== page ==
More than 1 million unique visitors logged on to SuperBowl.com on Super Bowl Sunday, representing a 266 percent increase in traffic from the Saturday before, according to measurements from Nielsen//NetRatings.
|Daily Overnight Traffic to SuperBowl.com on Super Bowl Sunday|
|2003||Oakland vs. Tampa Bay||1.028 million|
|2002||New England vs. St. Louis||904,000|
|2001||Baltimore vs. New York||359,000|
“As the official site for the event, SuperBowl.com was the online source for all the game-day activity, with traffic nearly tripling in size overnight,” said Greg Bloom, senior Internet analyst, Nielsen//NetRatings.
Furthermore, Nielsen Media Research reported that the ABC broadcast of the championship game was the highest rated Super Bowl since 1999, with 43.4 million households tuning in.
Some of those households could have been fans of commercials, rather than game fans. Research from Knowledge Networks indicates that 20 percent of Super Bowl viewers (ages 18-49) thought the ads were more interesting than the game – that’s a 7 percent increase over last year’s interest in the commercials. Additionally, 50 percent of the 2002 respondents said that the Super Bowl game was more interesting than the ads shown during the game, compared to 35 percent in 2003.
|More Interesting: Game or ads?|
|Game was more interesting than ads||50%||35%|
|Ads were more interesting than game||13%||20%|
|Game and ads equally interesting||37%||44%|
|Source: Knowledge Networks/SRI|
Similarly, the Feedback Research division of The Gator Corporation found in an online survey of 800 users who viewed SuperBowl.com that 61 percent of Super Bowl Internet users liked the ads as much as the game, and 20 percent stated they liked the TV ads more than the game. Nearly one-quarter (24 percent) of Super Bowl Internet users used the Internet during the game.
|Attitudes toward Super Bowl advertisers|
|People notice which companies
sponsor the Super Bowl
|Super Bowl sponsors have a
commitment to quality and excellence
|Super Bowl sponsors are industry leaders||83%||85%|
|People pay more attention to commercials
during the Super Bowl than to those shown
during other special events.
|To be read: 86 percent of 2003 Super Bowl viewers (ages 18 to 49) agreed
“strongly” or “somewhat” with the statement “People notice which companies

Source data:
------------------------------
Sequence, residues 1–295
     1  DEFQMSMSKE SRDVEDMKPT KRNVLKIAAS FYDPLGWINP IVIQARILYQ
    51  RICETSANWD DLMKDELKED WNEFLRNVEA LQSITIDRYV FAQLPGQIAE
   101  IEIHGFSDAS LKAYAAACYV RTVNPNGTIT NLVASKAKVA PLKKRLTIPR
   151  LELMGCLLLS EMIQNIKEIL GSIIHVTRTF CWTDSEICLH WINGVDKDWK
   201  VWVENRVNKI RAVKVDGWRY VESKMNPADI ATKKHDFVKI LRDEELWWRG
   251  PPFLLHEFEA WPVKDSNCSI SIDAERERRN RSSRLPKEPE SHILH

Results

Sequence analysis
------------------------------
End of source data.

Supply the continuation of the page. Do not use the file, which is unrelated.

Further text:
sponsor the Super Bowl on TV.”
|Source: Knowledge Networks/SRI|
According to Keynote Systems, several Super Bowl advertisers fumbled the opportunity to handle the traffic the commercials drove to their sites. Keynote’s Internet performance monitoring noted the following issues:
- Cadillac’s Web site, cadillac.com, experienced significant problems around halftime. Availability dropped from a pre-game 100 percent to as low as 83 percent and response time tripled to more than 6 seconds for those users who were able to get through.
- Just as the game was beginning, the Web site for the upcoming movie The HULK (thehulk.com) collapsed. Between 6 p.m. and 11 p.m. (Eastern), the site’s response time averaged more than 20 seconds. The site’s availability dropped below 90 percent at one point and averaged less than 95 percent. Prior to Super Bowl day, the site averaged around 2.5 seconds in response time and had availability of around 99 percent.
- The Philip Morris Web site (philipmorris.com) had availability of only 97 percent during the game, coinciding with the renaming of the company to Altria Group. During this switchover, the site had availability drop to as low as 37 percent for a half-hour period. After the switchover, the site’s average response time went from 3 or 4 seconds to less than 1 second.
- Advertisers’ Web sites that scored touchdowns, maintaining 100 percent availability during the Super Bowl were: FedEx (fedex.com), Levi Strauss (levi.com), McDonalds (mcdonalds.com), Sony (sony.com), and Sony Pictures (sonypictures.com).
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